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  1. #1
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    Beating Megan's Law - How violent sex offenders can legally live in towns without the

    There is a reason this law was enacted, a beautiful little girl named Megan Kanka. She was murdered because her family didn't know there were 3 sex offenders living in a house across the street from them. The same fate should not befall another child; Megan's Law is there as a tool for law enforcement and communities.

    Recently released sex offenders can live for months near schools, day care centers and playgrounds, with no requirement that community members or even police be notified.


    http://www.app.com/article/20120108/...text|Frontpage

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  2. #2
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    OKay, I'm sitting here scratching my head, and feeling really dumb right now, because I think I need someone to actually explain this to me. Yes, I read the article, and I still feel dumb. I read the article, word by word, no skimming, and I'm still stymied.

    I live in MI. My father is a sex offender. He spent 19 years in prison, and was released 12/13/2011. He was already classified as a Tier 3 offender BEFORE he was released. In fact, he was supposed to be released in October, but the state would not let him go because his paperwork was taking too long, they couldn't find a safe location to release him to, and they were trying to secure placement in the many programs he has to complete to satisfy his parole. They did not release him until he was listed on the sex offender website, complete with each and every one of his restrictions, and his classification made, as well as secure housing and programs already in place.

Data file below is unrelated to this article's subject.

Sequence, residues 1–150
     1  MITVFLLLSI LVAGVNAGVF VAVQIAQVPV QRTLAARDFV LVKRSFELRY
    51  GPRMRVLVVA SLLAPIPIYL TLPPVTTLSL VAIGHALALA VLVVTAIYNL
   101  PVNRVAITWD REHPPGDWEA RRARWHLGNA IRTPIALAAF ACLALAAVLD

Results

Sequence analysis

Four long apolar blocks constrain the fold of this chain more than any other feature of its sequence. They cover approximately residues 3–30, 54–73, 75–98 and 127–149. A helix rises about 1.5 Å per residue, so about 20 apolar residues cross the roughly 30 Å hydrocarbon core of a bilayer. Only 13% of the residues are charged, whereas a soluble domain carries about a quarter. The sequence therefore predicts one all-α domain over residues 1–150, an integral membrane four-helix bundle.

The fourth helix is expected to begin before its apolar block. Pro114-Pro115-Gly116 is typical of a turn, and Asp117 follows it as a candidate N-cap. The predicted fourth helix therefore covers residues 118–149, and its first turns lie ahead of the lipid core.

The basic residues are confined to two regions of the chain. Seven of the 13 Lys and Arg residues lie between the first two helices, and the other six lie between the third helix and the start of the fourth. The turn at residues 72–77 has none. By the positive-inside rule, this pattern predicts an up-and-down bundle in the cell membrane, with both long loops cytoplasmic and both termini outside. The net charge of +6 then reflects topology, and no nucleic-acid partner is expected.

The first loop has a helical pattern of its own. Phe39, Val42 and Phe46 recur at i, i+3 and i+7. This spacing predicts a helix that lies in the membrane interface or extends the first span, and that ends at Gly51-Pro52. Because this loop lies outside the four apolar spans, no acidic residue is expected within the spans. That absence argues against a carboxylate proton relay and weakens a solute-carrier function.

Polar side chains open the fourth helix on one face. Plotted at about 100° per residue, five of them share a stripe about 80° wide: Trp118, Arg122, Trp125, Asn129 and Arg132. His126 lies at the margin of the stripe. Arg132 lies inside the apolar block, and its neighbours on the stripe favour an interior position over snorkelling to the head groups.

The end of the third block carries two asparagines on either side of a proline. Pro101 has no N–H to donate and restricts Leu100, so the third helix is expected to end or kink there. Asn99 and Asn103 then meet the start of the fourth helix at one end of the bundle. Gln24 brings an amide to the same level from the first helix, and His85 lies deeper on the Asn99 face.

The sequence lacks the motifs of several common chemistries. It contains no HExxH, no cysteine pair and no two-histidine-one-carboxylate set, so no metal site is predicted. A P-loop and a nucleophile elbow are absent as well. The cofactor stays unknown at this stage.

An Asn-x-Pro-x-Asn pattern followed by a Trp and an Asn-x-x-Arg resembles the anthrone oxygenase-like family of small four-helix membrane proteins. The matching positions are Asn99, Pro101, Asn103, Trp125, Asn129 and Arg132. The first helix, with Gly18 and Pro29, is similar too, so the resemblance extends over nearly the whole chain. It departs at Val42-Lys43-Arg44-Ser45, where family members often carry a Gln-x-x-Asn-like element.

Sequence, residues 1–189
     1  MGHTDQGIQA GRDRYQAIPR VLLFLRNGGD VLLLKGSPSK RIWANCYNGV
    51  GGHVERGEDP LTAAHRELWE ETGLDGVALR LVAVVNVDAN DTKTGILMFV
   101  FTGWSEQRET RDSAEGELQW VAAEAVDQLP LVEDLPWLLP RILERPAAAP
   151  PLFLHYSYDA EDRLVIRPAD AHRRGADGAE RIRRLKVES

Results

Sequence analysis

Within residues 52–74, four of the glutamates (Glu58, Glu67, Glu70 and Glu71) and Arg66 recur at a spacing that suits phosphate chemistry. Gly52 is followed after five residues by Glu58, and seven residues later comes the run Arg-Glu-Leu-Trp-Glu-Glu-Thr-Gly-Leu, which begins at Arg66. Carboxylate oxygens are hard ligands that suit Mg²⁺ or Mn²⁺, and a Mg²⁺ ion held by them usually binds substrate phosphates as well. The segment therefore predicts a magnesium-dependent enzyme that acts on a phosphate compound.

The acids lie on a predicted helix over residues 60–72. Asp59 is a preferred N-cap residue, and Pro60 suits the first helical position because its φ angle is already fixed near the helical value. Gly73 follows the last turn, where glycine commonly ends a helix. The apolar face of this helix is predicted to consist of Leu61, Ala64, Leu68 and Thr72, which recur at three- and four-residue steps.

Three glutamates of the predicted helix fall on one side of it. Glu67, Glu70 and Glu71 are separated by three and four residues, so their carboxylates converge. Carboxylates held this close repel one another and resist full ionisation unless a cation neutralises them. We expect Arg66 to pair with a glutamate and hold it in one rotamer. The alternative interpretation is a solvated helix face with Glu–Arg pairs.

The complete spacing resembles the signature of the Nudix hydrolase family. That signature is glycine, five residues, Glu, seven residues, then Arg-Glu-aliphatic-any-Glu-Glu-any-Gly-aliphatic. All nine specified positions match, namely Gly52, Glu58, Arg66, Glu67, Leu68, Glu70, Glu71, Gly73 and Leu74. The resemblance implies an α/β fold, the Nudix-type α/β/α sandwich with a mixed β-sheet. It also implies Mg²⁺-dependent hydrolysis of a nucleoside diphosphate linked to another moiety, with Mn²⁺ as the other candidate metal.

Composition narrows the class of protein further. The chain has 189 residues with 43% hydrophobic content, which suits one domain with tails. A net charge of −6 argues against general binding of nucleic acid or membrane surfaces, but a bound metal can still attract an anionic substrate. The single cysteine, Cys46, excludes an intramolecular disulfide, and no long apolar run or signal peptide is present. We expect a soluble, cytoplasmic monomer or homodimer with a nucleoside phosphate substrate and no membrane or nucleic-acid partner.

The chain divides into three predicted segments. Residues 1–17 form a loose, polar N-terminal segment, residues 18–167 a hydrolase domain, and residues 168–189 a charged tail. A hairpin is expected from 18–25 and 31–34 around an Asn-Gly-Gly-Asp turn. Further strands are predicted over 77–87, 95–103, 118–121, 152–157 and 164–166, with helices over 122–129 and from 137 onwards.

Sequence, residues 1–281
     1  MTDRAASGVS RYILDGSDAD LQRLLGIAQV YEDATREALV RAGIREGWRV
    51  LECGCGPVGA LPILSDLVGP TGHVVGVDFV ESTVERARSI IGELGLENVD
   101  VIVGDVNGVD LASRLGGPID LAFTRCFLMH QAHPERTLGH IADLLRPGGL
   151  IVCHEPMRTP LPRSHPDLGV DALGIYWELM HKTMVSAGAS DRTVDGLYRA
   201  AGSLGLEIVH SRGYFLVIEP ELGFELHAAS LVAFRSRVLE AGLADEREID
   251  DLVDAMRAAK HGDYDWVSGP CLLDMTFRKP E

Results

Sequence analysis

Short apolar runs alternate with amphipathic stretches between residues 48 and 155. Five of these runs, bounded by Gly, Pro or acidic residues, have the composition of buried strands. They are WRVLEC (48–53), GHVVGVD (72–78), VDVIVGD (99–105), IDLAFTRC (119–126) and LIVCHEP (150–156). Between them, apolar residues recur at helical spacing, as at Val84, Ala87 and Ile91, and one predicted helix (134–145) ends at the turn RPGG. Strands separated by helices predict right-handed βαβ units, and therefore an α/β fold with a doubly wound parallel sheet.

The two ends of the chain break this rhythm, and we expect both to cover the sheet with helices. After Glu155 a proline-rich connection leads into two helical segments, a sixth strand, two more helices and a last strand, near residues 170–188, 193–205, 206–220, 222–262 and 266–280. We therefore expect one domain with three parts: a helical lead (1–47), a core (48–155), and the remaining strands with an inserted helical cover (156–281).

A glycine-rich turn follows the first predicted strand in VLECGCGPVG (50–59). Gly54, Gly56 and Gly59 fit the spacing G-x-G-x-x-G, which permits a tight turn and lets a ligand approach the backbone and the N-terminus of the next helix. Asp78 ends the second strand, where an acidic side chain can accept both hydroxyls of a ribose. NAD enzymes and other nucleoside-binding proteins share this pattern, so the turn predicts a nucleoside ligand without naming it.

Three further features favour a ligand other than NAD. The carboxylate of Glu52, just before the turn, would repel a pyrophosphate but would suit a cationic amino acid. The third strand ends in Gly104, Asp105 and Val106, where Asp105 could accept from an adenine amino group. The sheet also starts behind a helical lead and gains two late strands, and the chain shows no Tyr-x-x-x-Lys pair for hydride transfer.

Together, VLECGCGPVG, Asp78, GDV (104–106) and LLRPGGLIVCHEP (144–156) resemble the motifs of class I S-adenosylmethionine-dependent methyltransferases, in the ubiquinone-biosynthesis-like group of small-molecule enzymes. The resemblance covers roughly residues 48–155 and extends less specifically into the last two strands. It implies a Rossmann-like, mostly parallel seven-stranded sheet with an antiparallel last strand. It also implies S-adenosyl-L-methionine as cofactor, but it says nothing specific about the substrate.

If MI can do it, why can't other states follow suit? I am so freaking confused right now. A sex offender does not need to be out of prison in order for the state to determine if they are a risk or not, they already know that. Grrrrrr.
    JMO. Unless there's a link, I can't prove it.

  3. #3
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    Wise Old Owl is offline Retired WS Staff & Founding member of AFKBPOFPOPL
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    I hear ya not my kids.

    Here, in sunny South Florida, RSO's can list a street corner as their residence. I kid you not. If they are homeless - they can just say the corner of NW 1 Avenue and NW 42 Street. Its sickening and makes no sense.

    I have over 500 of them within a 5 mile radius of my house. I guess that's the price you pay for living in a warmer climate. I've always wondered about the ones that migrate here during the winter months - I'm "assuming" they all don't "check in" once they get to town. KWIM?

  4. #4
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    Quote Originally Posted by Jacie Estes View Post
    There is a reason this law was enacted, a beautiful little girl named Megan Kanka. She was murdered because her family didn't know there were 3 sex offenders living in a house across the street from them. The same fate should not befall another child; Megan's Law is there as a tool for law enforcement and communities.

    Recently released sex offenders can live for months near schools, day care centers and playgrounds, with no requirement that community members or even police be notified.


    http://www.app.com/article/20120108/...text|Frontpage
    From the link:

    Buncher pointed out that although just-released offenders may not have been classified, they are still closely supervised by probation officers.
    http://www.app.com/article/20120108/...text|Frontpage
    Does that mean that probation officers move in with them and make sure that they aren't having inappropriate contact with kids during the time the probation office is closed????

    Of course it doesn't. There is no reason for a delay in notifying the public of the fact that a sex offender moving into the neighborhood.
    Just when I think that I have seen the most depraved things a human can do to another human, somebody posts a new story...........

    Why is it that when a custodial parent fails to provide for a child it is called neglect and is a criminal matter. But when a non custodial parent fails to provide it is called failure to support and is a civil matter?


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  5. #5
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    A city, county or state can release a statement regarding a criminal, an environmental hazard, you name it, without knowing the full nature of the risk. They basically just say, We have a problem, stay away from this area...